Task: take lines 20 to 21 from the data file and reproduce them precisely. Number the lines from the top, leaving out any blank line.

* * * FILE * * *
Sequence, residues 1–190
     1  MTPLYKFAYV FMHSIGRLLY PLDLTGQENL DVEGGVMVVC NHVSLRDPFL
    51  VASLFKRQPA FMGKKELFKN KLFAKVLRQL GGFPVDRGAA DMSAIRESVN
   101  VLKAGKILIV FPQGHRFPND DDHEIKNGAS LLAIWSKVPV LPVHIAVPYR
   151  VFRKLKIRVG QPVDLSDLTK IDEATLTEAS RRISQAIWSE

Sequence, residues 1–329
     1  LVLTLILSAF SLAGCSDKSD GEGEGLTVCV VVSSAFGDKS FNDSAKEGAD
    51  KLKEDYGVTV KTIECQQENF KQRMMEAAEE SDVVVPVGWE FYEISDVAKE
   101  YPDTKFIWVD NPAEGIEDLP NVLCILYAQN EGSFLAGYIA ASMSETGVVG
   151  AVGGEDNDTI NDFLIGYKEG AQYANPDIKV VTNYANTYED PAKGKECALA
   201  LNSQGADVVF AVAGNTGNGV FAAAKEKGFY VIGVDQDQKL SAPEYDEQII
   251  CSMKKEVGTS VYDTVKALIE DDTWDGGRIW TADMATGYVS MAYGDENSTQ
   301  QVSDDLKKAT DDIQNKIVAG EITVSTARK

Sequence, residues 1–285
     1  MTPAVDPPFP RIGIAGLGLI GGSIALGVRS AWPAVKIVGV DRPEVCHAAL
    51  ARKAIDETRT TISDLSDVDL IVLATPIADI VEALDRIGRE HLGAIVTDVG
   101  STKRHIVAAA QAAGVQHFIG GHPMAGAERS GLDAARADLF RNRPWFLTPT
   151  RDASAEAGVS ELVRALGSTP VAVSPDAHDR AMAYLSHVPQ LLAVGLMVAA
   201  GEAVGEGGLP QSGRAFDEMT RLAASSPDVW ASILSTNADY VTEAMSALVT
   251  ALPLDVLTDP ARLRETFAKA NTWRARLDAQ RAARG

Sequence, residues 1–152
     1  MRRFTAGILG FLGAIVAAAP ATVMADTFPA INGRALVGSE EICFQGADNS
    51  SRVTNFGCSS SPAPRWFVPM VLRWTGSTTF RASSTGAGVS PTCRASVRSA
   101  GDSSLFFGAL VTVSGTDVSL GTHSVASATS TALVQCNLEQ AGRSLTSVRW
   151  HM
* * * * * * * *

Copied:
   251  ALPLDVLTDP ARLRETFAKA NTWRARLDAQ RAARG

Sequence, residues 1–152